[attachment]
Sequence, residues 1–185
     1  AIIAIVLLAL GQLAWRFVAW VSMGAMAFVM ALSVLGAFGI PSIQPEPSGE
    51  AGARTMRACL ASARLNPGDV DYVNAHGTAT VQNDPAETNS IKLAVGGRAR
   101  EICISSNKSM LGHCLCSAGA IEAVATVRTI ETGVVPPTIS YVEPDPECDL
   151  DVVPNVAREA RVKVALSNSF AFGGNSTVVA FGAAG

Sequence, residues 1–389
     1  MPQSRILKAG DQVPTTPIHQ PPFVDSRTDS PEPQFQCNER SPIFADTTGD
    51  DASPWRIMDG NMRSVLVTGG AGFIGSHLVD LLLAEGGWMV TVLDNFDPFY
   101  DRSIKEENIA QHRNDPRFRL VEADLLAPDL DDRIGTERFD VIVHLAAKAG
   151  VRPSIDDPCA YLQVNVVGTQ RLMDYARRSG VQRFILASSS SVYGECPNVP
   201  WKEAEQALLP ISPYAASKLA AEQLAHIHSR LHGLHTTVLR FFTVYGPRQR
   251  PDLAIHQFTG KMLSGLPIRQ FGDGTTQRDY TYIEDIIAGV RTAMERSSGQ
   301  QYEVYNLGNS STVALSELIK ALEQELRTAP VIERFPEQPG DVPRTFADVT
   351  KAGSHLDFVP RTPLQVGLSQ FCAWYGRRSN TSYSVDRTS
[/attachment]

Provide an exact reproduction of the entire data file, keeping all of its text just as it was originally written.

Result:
Sequence, residues 1–185
     1  AIIAIVLLAL GQLAWRFVAW VSMGAMAFVM ALSVLGAFGI PSIQPEPSGE
    51  AGARTMRACL ASARLNPGDV DYVNAHGTAT VQNDPAETNS IKLAVGGRAR
   101  EICISSNKSM LGHCLCSAGA IEAVATVRTI ETGVVPPTIS YVEPDPECDL
   151  DVVPNVAREA RVKVALSNSF AFGGNSTVVA FGAAG

Sequence, residues 1–389
     1  MPQSRILKAG DQVPTTPIHQ PPFVDSRTDS PEPQFQCNER SPIFADTTGD
    51  DASPWRIMDG NMRSVLVTGG AGFIGSHLVD LLLAEGGWMV TVLDNFDPFY
   101  DRSIKEENIA QHRNDPRFRL VEADLLAPDL DDRIGTERFD VIVHLAAKAG
   151  VRPSIDDPCA YLQVNVVGTQ RLMDYARRSG VQRFILASSS SVYGECPNVP
   201  WKEAEQALLP ISPYAASKLA AEQLAHIHSR LHGLHTTVLR FFTVYGPRQR
   251  PDLAIHQFTG KMLSGLPIRQ FGDGTTQRDY TYIEDIIAGV RTAMERSSGQ
   301  QYEVYNLGNS STVALSELIK ALEQELRTAP VIERFPEQPG DVPRTFADVT
   351  KAGSHLDFVP RTPLQVGLSQ FCAWYGRRSN TSYSVDRTS